What is a Chief of Staff?
Well, unfortunately there isn’t a single answer to that question.
The role is having a renaissance, with hundreds of Chief of Staff roles advertised on job sites, such as Indeed and LinkedIn. Many hiring managers have reached out to me to ask more about my role and in doing so helping them clarify their thinking about the type of role they might need for their own organisation.
Having been in the role for a couple of years, I thought it would be good to share my own thoughts and experiences. I didn’t intend to become Chief of Staff. As a consultant with Airbnb for over 4 years I was already heavily embedded with the leadership team. I regularly facilitated strategic sessions, managed special projects and worked to support the leader and their direct reports. Becoming Chief of Staff was a natural progression.
My current employer has multiple job titles that share the same or similar remit. In other companies, a Chief of Staff’s duties can range from diary management through to strategy development and everything in between.
I’ve been lucky enough to craft and develop the role over time. In this post I’d like to share my top thoughts on what a Chief of Staff role is and isn’t. I’ll also give some tips on where you can find more information and networking opportunities.
A Chief of Staff is…
A strategic thinker — someone who has experience of crafting and developing strategy. A Chief of Staff is typically the one that helps to develop the organization’s vision, multi year strategy, objectives and horizons of delivery. A good Chief of Staff will have a natural ability to craft a strong narrative for the team, one that is compelling, accessible, inspiring and easy to understand. It’s their job to support the leader in setting out the future direction of the team and providing clarity and a sense of purpose.
A broker that connects the dots — bringing different teams together to collaborate in delivering joint initiatives or projects where there are known interdependencies. There are inevitable siloes in any organization and the Chief of Staff can help bring leaders and teams together to solve problems. Sometimes the Chief of Staff will also have to act as broker in circumstances where there might be disagreement or conflict.
A lead on special projects — delivering projects that require expertise but don’t necessarily have an obvious owner. As an individual contributor without direct reports, the Chief of Staff will inevitably have more bandwidth to support the delivery of special projects from time to time. A Chief of Staff is also a generalist with expertise across multiple disciplines. This breadth of expertise allows for a Chief of Staff to cover a variety of projects that require attention, from running an RFP, to supporting an organizational design project.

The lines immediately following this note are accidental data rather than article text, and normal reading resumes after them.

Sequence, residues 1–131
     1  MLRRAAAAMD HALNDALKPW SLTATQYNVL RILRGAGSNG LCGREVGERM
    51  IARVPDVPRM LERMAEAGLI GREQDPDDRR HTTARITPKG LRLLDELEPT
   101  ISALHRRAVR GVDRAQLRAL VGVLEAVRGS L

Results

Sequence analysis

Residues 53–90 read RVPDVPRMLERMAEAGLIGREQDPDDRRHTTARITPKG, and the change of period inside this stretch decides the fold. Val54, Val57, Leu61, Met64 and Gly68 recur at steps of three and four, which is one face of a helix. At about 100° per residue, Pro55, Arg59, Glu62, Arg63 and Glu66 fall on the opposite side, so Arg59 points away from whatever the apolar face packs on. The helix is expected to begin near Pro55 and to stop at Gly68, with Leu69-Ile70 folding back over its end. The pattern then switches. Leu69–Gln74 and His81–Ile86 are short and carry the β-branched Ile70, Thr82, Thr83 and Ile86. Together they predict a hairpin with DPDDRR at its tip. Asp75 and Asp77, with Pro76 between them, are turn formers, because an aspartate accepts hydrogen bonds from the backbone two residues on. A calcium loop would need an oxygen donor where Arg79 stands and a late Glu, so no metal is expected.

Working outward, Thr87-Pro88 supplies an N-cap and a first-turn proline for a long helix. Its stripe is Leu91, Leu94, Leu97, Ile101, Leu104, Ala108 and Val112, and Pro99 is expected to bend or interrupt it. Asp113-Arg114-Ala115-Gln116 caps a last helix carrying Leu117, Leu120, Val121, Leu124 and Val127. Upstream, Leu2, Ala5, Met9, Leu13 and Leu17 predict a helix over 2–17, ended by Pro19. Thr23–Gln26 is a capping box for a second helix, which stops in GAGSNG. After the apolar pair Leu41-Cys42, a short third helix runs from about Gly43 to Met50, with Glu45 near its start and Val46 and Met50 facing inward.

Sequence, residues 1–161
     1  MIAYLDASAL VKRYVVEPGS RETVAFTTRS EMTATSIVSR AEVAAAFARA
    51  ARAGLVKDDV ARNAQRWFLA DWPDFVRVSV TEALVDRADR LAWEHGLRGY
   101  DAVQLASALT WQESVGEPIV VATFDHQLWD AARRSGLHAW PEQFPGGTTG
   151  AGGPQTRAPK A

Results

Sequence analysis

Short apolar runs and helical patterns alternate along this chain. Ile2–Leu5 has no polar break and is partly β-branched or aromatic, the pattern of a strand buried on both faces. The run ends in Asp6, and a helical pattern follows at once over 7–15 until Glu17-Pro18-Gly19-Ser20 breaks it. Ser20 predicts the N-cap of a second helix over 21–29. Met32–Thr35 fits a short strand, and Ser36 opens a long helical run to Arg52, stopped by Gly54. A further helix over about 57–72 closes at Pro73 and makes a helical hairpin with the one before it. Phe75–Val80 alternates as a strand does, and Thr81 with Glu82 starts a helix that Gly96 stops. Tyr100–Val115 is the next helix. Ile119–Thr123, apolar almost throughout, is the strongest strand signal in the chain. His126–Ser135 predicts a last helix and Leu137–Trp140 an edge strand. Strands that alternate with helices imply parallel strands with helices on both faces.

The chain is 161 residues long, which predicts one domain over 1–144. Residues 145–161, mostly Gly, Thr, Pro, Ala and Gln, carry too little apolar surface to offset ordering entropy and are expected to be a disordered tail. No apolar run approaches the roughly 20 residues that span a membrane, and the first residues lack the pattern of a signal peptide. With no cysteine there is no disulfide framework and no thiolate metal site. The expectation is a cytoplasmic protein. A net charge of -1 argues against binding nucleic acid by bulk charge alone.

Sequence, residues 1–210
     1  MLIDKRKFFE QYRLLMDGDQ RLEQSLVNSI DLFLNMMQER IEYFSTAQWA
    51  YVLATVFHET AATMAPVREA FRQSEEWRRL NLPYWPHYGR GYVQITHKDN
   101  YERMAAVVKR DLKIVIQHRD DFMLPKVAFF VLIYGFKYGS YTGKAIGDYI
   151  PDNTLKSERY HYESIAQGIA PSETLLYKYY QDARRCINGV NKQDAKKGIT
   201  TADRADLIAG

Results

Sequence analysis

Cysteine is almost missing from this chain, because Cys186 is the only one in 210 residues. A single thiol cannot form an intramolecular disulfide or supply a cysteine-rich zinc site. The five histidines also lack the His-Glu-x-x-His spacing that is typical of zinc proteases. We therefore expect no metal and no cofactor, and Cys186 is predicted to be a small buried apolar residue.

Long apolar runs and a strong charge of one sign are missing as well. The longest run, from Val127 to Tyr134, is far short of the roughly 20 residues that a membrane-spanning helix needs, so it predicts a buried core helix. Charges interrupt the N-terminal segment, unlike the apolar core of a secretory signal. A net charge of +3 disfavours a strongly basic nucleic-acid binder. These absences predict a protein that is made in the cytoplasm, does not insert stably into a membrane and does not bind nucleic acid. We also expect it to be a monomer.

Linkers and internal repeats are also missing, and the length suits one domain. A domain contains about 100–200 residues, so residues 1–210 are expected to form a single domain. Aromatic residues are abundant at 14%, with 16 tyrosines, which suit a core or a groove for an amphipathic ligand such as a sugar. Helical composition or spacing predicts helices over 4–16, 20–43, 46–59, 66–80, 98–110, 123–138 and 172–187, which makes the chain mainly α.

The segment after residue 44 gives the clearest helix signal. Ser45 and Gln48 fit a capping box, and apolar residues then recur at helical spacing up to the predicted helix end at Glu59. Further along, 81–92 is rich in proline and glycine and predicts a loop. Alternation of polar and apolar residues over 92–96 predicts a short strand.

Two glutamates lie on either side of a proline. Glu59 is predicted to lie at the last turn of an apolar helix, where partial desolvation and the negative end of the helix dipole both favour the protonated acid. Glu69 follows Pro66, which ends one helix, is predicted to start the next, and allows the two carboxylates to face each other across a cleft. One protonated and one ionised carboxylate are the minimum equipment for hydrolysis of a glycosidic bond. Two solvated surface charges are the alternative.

A Devil’s Advocate — the person who asks awkward questions. A Chief of Staff’s role is to ask clarifying questions that others in the room might be interested in, but unwilling to surface. Difficult questions aren’t there to trip people up, but more to safeguard against gaps or blind spots. All ideas sound good but it’s important to challenge, gauge feasibility and at times to push boundaries where necessary.
A proxy for the leader — there to be the leader’s voice in the room when they are absent. The Chief of Staff is there to support the leader by providing their viewpoint and direction. A leader can’t be in every meeting given their span of control, so it’s the Chief of Staff’s responsibility to speak on their behalf in those meetings or forums where their voice is necessary to keep things moving forward or to get things back on track.
A partner — sometimes you’ll hear people talk about being a thought partner in terms of strategy but it’s a lot more than that. As a partner, a Chief of Staff exists to advise as much as brainstorm. Sometimes that means providing insight on how the wider team is feeling, warning against a course of action or simply offering a listening ear after a difficult meeting or stressful situation. It goes without saying that confidentiality is essential. There are things a Chief of Staff will need to know that others may not be aware of. Like any partnership, it only works when there is trust between the leader and the Chief of Staff.
A Chief of Staff isn’t…
Someone who makes decisions — some will disagree with this sentiment but most Chief of Staff’s don’t make that many decisions. It’s their job to help others come to the best decision they can make. They work to ensure their leader has considered all the options, reflected on unintended consequences and has plans to follow through and land the decision successfully. Sometimes a Chief of Staff will have to support the implementation of a decision they might disagree with. Sometimes it is the job of a Chief of Staff to disagree and commit.
In summary, the role is varied and exciting. In most companies, the Chief of Staff role suits an individual that has generalist knowledge combined with a high degree of emotional intelligence and interpersonal skills. Becoming a strong Chief of Staff takes time and is reliant on being able to develop relationships and nurture trust across the leadership and wider team.
If you want to explore more about becoming a Chief of Staff I would recommend connecting with others already in the role. It’s also worth checking out the McChrystal Group who run regular training courses and have plenty of resources available on their website. There are also a number of groups that have been established to help existing and aspiring Chiefs of Staff network. A good one to try is the Chief of Staff Network.